BioMed Central. (2009, July 21). Extreme Survival: Genes Let Creepy-crawly Creatures Survive Deep Freeze. ScienceDaily. Retrieved July 25, 2014 from www.sciencedaily.com/releases/2009/07/090720191143.htm
BioMed Central. "Extreme Survival: Genes Let Creepy-crawly Creatures Survive Deep Freeze." ScienceDaily. www.sciencedaily.com/releases/2009/07/090720191143.htm (accessed July 25, 2014).

Share This




More Plants & Animals News

Friday, July 25, 2014

Featured Research

from universities, journals, and other organizations


Featured Videos

from AP, Reuters, AFP, and other news services

Boy Attacked by Shark in Florida

Boy Attacked by Shark in Florida

Reuters - US Online Video (July 24, 2014) An 8-year-old boy is bitten in the leg by a shark while vacationing at a Florida beach. Linda So reports. Video provided by Reuters
Powered by NewsLook.com
Goma Cheese Brings Whiff of New Hope to DRC

Goma Cheese Brings Whiff of New Hope to DRC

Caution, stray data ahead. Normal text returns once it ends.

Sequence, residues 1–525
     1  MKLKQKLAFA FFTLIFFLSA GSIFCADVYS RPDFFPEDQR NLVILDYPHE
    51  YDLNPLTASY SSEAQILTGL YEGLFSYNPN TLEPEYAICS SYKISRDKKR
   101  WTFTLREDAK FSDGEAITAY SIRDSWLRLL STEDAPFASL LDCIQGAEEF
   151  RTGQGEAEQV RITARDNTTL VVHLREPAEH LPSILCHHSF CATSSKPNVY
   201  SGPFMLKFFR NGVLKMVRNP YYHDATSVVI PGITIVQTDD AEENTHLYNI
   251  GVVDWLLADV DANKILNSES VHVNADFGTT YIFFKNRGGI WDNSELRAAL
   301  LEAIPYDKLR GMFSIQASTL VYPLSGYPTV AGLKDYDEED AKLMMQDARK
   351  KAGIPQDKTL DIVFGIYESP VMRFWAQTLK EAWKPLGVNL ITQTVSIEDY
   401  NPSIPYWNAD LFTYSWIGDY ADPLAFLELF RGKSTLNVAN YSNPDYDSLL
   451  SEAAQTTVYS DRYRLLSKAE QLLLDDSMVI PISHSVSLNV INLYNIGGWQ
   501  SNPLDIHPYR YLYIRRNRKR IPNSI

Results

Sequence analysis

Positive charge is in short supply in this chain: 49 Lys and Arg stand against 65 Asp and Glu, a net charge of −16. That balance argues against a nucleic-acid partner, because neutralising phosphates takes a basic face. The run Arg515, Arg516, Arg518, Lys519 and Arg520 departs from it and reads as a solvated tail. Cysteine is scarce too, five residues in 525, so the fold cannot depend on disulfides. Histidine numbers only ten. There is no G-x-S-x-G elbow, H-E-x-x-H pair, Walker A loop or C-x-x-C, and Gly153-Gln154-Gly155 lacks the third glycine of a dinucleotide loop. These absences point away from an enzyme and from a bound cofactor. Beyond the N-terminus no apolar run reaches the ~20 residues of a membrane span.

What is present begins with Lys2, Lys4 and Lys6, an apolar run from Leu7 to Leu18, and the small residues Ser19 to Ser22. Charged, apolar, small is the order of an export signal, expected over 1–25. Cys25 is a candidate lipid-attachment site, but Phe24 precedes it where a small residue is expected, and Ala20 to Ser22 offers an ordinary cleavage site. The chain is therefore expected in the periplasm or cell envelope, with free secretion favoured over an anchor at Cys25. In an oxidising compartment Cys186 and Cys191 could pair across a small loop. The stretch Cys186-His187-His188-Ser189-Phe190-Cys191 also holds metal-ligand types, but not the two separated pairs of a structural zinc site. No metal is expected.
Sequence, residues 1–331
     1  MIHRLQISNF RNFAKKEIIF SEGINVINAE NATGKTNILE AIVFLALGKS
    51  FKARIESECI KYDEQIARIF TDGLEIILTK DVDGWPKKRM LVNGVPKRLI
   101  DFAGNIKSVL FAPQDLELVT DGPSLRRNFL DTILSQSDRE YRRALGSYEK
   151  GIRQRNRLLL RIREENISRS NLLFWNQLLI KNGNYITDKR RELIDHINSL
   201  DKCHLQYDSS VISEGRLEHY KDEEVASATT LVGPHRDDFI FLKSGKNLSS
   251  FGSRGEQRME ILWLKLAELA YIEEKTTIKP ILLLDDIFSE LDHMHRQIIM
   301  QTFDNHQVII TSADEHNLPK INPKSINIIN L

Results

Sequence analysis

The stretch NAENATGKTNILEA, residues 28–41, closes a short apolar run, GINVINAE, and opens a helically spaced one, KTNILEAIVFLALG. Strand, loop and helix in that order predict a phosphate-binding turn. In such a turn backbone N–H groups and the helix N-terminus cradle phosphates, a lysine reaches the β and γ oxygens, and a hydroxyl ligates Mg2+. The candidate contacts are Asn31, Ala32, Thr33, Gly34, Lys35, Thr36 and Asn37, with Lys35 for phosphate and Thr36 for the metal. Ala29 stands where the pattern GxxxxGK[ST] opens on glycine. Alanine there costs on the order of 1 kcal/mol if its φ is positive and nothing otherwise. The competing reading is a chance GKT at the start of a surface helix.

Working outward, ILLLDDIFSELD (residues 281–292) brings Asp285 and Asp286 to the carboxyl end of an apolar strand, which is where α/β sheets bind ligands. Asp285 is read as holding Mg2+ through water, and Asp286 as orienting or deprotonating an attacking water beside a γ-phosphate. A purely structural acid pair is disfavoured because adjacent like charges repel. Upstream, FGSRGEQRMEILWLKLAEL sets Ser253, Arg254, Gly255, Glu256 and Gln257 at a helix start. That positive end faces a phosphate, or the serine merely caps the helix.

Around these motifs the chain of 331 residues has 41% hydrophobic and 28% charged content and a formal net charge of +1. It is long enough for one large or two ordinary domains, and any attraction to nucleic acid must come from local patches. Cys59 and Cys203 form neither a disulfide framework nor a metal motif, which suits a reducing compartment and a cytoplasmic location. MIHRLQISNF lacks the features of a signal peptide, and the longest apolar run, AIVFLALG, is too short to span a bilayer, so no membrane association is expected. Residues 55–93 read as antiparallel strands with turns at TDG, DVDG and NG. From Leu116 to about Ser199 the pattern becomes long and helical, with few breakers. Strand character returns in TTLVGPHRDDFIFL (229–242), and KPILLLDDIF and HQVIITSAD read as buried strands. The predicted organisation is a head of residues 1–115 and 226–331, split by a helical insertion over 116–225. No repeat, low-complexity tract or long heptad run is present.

Reuters - Business Video Online (July 24, 2014) The eastern region of the Democratic Republic of Congo, mainly known for conflict and instability, is an unlikely place for the production of fine cheese. But a farm in the village of Masisi, in North Kivu is slowly transforming perceptions of the area. Known simply as Goma cheese, the Congolese version of Dutch gouda has gained popularity through out the region. Ciara Sutton reports. Video provided by Reuters
Powered by NewsLook.com
Dogs Appear To Become Jealous Of Owners' Attention

Dogs Appear To Become Jealous Of Owners' Attention